Sunday, June 19, 2011

Thanks A Lot Mr. Ben-Stinkin'-Nye

One of the first makeup kits that I ever bought was from Ben Nye. He’s the guy who did the makeup for the folks in Gone With the Wind, among other Silver Screen masterpieces.



He died in 1986, but his company lives on. The pots of color, brushes, and sponges were required purchase for a show that I was cast in – and it was expensive stuff, for a kid who had to use her allowance to buy it. How I loved that kit! I would sit in my bedroom and turn my face into anything you can imagine: inanimate objects, mysterious strangers, famous people – I can’t tell you how many times I applied a mole to my cheek and used a breathy voice to sing “Happy. Birth. Day. Mr. Presi. Dent” into the full-length mirror attached to my bedroom door. Once I made my face into a human doily, with the middle of it at the tip of my nose. Wait! Forget I told you that part, because it’s sort of embarrassing… TMI, and all that…

By the time I started taking Theater Arts classes at the University, I had amassed quite a collection. However, I still possessed that original kit - until someone stole it out of the locker room while I was taking a shower after a college step aerobics class. Who would want another person's used theater makeup??? Maybe she was after the plastic pink Caboodle container – you know all us girls rocked those in the ‘90’s.

What a nasty surprise for Ms. Stickyfingers, when she found pots of cake makeup and greasy clown white, instead of Clinique or Estée Lauder! Hopefully she at least knew how to put it to good use – and I don’t mean tossing my extensive palette in the dumpster next to her sorority house…

Wow do I feel better after reliving that heartbreaking memory of loss.

Okay, on with the story.

For years I was the Go-To Girl for wrinkles. Yes, wrinkles. Let me tell you: I was awesome at turning young faces into old faces. Even as a teenager, I knew how to transform a third grader into a fifty-three year old, a teenager into a grandparent. If you were hoofing it up as Aunt Polly, or taking a spin as Arvide Abernathy in Guys and Dolls - playing anyone older than yourself, really - you probably would’ve wanted to give me a ringy-ding-ding so that I could sit you down and line you up.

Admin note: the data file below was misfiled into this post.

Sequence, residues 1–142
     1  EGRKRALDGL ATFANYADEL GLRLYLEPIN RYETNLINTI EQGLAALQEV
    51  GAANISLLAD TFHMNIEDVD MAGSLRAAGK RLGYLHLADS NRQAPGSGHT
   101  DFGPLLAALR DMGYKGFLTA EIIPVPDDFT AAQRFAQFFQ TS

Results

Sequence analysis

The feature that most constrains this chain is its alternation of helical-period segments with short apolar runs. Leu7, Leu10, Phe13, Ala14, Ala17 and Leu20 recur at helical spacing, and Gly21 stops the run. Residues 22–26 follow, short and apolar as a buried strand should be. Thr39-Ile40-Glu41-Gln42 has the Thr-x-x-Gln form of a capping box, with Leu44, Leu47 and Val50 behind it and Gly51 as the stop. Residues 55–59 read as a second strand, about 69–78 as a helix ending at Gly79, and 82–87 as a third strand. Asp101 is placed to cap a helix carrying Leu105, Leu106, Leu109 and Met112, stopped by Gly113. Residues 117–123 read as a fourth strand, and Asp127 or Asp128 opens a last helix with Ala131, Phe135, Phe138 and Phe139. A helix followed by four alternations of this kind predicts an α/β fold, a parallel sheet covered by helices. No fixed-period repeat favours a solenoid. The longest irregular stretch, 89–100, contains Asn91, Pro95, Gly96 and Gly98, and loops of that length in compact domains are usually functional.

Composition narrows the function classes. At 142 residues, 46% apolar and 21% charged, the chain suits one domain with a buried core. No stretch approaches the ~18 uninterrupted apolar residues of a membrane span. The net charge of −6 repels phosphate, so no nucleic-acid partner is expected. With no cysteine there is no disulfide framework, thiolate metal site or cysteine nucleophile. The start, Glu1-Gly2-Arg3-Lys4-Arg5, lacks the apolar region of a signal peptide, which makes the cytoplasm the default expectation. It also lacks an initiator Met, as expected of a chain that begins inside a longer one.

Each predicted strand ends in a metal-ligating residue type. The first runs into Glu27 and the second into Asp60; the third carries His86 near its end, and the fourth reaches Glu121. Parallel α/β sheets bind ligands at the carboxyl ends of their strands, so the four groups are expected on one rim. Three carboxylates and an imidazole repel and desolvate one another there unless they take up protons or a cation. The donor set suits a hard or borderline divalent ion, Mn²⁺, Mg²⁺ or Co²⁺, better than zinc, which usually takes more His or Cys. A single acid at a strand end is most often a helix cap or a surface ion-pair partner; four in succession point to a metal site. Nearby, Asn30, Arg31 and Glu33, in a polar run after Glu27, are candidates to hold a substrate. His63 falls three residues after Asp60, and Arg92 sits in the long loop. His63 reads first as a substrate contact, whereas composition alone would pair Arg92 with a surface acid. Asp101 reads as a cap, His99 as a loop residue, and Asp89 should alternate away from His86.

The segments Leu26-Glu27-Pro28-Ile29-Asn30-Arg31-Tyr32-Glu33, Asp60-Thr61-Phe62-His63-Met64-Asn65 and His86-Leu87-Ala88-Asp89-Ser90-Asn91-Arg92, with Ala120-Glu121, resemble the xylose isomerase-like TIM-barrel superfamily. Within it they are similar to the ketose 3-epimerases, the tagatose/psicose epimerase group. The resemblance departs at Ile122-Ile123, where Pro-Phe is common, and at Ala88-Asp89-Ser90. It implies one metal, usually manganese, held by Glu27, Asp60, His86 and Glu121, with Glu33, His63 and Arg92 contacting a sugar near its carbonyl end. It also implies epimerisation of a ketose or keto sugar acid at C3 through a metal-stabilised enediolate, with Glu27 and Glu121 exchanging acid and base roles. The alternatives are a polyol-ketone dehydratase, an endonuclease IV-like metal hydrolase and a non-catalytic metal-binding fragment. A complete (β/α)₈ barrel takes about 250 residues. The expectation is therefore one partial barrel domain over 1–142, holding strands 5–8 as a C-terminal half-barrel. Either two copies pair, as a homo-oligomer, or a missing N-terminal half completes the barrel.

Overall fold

Anyway, I was inclined to use my mad age progression skills to transform my own mug when I was around sixteen. I was playing the role of a middle-aged woman in a community theater production. Scrunching my face into fine, shrarpei-like condition, I found all my future creases – applying dark pencil, then highlights – first on a smooth forehead, then under eyes where crows had yet to tread. Perfect. I looked perfect.

Uh, yeeeaaaaaahhh. So, I found a photo of myself in that makeup recently and you know what? It looks just like me! Not me then, but:

Me NOW.

And I was good back then, dammit! Too good. I wish that all those hours of instruction could have taught me how to conceal the lines that I had so gleefully attached to my own face, before nature had attached them for me!

Sometimes being good at something isn’t, well, all that great.

I do make a delectable meatloaf, though, and I don’t know how that can possibly come back to bite me…
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